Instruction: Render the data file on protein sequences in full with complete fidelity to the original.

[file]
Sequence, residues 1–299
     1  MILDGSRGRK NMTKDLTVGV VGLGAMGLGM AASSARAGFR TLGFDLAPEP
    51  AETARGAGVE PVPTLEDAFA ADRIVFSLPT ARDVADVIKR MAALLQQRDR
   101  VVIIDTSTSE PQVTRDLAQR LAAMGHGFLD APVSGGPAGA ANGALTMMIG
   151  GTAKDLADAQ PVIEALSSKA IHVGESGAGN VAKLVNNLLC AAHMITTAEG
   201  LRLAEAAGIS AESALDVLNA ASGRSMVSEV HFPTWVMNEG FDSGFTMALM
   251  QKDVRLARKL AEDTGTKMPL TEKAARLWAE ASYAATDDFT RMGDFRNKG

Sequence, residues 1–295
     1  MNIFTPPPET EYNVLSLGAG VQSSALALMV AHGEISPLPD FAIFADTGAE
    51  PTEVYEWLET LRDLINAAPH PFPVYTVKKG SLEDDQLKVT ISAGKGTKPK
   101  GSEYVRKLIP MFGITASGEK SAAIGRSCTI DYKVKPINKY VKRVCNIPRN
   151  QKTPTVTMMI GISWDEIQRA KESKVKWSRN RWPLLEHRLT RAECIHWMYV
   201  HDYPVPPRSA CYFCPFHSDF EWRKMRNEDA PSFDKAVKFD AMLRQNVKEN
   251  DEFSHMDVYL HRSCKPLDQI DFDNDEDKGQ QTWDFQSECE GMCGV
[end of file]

Sequence, residues 1–299
     1  MILDGSRGRK NMTKDLTVGV VGLGAMGLGM AASSARAGFR TLGFDLAPEP
    51  AETARGAGVE PVPTLEDAFA ADRIVFSLPT ARDVADVIKR MAALLQQRDR
   101  VVIIDTSTSE PQVTRDLAQR LAAMGHGFLD APVSGGPAGA ANGALTMMIG
   151  GTAKDLADAQ PVIEALSSKA IHVGESGAGN VAKLVNNLLC AAHMITTAEG
   201  LRLAEAAGIS AESALDVLNA ASGRSMVSEV HFPTWVMNEG FDSGFTMALM
   251  QKDVRLARKL AEDTGTKMPL TEKAARLWAE ASYAATDDFT RMGDFRNKG

Sequence, residues 1–295
     1  MNIFTPPPET EYNVLSLGAG VQSSALALMV AHGEISPLPD FAIFADTGAE
    51  PTEVYEWLET LRDLINAAPH PFPVYTVKKG SLEDDQLKVT ISAGKGTKPK
   101  GSEYVRKLIP MFGITASGEK SAAIGRSCTI DYKVKPINKY VKRVCNIPRN
   151  QKTPTVTMMI GISWDEIQRA KESKVKWSRN RWPLLEHRLT RAECIHWMYV
   201  HDYPVPPRSA CYFCPFHSDF EWRKMRNEDA PSFDKAVKFD AMLRQNVKEN
   251  DEFSHMDVYL HRSCKPLDQI DFDNDEDKGQ QTWDFQSECE GMCGV